Dealing with disability

Many people think that disability discrimination legislation was first introduced in the mid-1990s. However, the fact is that such laws have been in force for more than 60 years.

Before 1995, the legislation dealing with the employment of disabled people consisted of the Disabled Persons (Employment) Act 1944 and the Disabled Persons (General) Regulations 1945. These statutory provisions introduced a quota system whereby employers with 20 or more employees had to ensure that at least 3% of their workforce were registered as disabled.

This may have come as something of a surprise. However, the reality was that this requirement was very rarely enforced. There were only three prosecutions for failing to meet the quota between 1965 and 1995, with the last reported case in 1974.

The Disability Discrimination Act 1995 repealed the 1944 and 1945 legislation on 2 December 1996.

Disability discrimination facts

£15,059 The average award in disability discrimination claims made by the Employment Tribunal Service in 2006-07.

  • In one case, theme park Legoland Windsor was found to have discriminated against one of its employees when he was presented with a Lego model that depicted him with his arm in a sling.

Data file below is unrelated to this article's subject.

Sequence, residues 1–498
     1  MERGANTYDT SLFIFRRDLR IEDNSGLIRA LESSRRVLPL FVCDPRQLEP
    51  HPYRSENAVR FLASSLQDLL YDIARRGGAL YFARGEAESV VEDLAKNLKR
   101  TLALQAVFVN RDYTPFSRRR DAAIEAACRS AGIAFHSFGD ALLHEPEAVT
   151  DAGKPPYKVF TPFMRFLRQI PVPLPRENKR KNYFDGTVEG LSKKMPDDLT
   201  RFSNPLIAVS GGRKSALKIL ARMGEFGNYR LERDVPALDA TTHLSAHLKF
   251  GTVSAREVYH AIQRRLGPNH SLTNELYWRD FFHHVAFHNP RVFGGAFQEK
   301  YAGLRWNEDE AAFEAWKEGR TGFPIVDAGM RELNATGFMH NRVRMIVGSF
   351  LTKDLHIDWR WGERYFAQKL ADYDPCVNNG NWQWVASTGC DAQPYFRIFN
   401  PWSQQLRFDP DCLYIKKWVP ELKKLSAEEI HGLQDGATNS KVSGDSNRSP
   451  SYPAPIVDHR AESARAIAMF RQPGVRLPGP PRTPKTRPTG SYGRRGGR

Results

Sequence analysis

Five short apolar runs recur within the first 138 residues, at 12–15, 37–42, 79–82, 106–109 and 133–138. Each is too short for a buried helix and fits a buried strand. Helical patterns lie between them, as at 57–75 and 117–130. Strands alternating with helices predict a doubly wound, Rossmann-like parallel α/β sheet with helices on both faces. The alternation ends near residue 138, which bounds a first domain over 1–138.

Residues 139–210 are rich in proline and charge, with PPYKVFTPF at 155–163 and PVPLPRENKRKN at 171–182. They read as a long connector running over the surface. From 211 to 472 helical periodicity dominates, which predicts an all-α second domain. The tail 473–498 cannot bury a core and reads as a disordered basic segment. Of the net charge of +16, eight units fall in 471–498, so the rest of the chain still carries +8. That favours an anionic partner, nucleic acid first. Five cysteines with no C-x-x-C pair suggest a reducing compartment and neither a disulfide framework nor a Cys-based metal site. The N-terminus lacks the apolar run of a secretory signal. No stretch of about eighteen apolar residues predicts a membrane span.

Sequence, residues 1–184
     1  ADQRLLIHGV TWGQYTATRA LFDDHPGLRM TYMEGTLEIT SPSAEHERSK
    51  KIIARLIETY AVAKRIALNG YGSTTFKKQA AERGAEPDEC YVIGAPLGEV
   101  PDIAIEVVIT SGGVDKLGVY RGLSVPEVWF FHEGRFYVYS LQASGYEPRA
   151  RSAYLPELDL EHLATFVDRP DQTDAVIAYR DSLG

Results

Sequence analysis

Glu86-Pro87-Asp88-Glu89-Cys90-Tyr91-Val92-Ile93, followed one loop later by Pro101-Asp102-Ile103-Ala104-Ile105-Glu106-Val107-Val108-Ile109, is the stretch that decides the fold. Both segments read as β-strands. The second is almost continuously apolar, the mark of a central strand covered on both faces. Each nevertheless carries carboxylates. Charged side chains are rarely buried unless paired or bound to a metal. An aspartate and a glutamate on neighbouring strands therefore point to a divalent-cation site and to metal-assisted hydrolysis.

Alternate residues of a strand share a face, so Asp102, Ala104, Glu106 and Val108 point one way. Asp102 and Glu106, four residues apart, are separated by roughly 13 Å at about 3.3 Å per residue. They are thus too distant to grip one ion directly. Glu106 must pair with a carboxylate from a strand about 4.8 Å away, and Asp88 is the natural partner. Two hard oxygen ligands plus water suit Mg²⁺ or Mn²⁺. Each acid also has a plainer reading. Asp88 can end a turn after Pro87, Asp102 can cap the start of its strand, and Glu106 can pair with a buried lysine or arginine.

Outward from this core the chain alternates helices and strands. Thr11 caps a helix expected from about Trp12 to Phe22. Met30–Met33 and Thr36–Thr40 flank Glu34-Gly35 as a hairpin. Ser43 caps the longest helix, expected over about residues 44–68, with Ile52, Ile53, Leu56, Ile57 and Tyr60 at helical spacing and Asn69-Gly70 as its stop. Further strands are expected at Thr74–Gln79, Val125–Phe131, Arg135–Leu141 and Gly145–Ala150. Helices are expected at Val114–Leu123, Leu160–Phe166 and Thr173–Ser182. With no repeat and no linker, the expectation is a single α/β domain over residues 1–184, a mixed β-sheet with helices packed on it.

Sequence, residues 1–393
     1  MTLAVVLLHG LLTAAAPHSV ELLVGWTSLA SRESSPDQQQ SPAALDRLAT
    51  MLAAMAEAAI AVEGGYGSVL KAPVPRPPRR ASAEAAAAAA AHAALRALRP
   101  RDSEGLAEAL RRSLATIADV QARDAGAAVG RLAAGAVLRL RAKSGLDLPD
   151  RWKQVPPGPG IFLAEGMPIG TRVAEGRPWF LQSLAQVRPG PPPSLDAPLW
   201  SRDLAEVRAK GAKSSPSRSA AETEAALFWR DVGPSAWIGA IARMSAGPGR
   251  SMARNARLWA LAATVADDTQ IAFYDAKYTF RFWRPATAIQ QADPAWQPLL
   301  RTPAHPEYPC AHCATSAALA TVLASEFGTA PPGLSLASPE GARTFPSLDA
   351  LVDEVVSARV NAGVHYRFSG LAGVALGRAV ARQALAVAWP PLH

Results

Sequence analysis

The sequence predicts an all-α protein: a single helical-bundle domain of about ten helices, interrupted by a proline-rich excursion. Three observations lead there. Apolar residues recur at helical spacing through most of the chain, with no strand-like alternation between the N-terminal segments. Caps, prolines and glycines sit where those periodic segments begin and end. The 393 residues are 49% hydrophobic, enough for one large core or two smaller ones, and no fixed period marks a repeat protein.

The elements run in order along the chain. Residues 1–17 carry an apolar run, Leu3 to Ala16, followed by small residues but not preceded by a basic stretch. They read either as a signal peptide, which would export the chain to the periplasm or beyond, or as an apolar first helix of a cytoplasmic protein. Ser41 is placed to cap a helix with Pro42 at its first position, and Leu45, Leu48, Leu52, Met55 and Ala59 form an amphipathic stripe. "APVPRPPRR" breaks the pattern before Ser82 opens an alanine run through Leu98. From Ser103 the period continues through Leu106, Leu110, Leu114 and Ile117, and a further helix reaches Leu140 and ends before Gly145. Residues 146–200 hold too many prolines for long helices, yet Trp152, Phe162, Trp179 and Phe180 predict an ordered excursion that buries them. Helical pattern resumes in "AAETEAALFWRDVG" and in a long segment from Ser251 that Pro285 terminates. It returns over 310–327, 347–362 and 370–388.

• The discrimination complaint can relate to less favourable treatment before, during or after the employment has come to an end.
  • There is no limit on the amount of compensation that can be awarded by an employment tribunal for disability discrimination.

£550,499 The highest recorded award for disability discrimination.

  • Since December 2006, all public authorities have been subject to the Disability Equality Duty. This requires them, in the carrying out of their public functions, to promote disability equality and eliminate unlawful discrimination. The reference to all public authorities includes local authorities, government organisations, governing bodies of schools, colleges and universities, NHS trusts, chief officers of police, and the prison service.

£138,648 The highest award for disability discrimination at an employment tribunal last year.

  • Since 1 October 2004, it has not been possible for an employer to ‘justify’ a failure to comply with the duty to make a reasonable adjustment.

£25,000 The upper limit an employment tribunal can award an employee who has suffered disability discrimination to reflect ‘injury to feelings’ in addition to the compensation for financial losses. The tribunal will take into account the seriousness of the discrimination and in exceptional cases the tribunal can award even more.

  • Someone with a severe facial disfigurement is also protected under the disability discrimination legislation.

5,533 The number of disability discrimination claims heard by the Employment Tribunal Service in 2006-07.

  • The European Court of Justice is currently considering whether a claim for disability discrimination can be brought in the UK by someone who is not disabled, on the grounds that they have been less favourably treated because of their ‘association’ with a disabled person.